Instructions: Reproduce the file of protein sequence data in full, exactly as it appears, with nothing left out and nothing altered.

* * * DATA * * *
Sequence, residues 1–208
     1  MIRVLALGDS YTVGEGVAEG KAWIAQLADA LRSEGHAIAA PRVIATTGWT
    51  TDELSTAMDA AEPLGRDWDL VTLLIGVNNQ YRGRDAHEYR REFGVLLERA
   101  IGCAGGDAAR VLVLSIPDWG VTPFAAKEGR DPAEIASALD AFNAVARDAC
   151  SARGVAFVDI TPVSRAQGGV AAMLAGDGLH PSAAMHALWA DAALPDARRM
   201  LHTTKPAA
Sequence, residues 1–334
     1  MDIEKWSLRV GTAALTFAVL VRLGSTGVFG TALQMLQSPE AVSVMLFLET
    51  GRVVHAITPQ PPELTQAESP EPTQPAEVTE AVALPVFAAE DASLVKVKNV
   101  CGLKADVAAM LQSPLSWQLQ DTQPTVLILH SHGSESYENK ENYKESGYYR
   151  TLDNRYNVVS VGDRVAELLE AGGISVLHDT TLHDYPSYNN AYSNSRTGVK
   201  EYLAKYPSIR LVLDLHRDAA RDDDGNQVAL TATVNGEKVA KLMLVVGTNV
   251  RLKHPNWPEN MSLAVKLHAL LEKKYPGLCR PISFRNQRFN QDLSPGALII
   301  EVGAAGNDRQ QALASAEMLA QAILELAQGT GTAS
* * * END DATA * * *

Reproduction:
Sequence, residues 1–208
     1  MIRVLALGDS YTVGEGVAEG KAWIAQLADA LRSEGHAIAA PRVIATTGWT
    51  TDELSTAMDA AEPLGRDWDL VTLLIGVNNQ YRGRDAHEYR REFGVLLERA
   101  IGCAGGDAAR VLVLSIPDWG VTPFAAKEGR DPAEIASALD AFNAVARDAC
   151  SARGVAFVDI TPVSRAQGGV AAMLAGDGLH PSAAMHALWA DAALPDARRM
   201  LHTTKPAA
Sequence, residues 1–334
     1  MDIEKWSLRV GTAALTFAVL VRLGSTGVFG TALQMLQSPE AVSVMLFLET
    51  GRVVHAITPQ PPELTQAESP EPTQPAEVTE AVALPVFAAE DASLVKVKNV
   101  CGLKADVAAM LQSPLSWQLQ DTQPTVLILH SHGSESYENK ENYKESGYYR
   151  TLDNRYNVVS VGDRVAELLE AGGISVLHDT TLHDYPSYNN AYSNSRTGVK
   201  EYLAKYPSIR LVLDLHRDAA RDDDGNQVAL TATVNGEKVA KLMLVVGTNV
   251  RLKHPNWPEN MSLAVKLHAL LEKKYPGLCR PISFRNQRFN QDLSPGALII
   301  EVGAAGNDRQ QALASAEMLA QAILELAQGT GTAS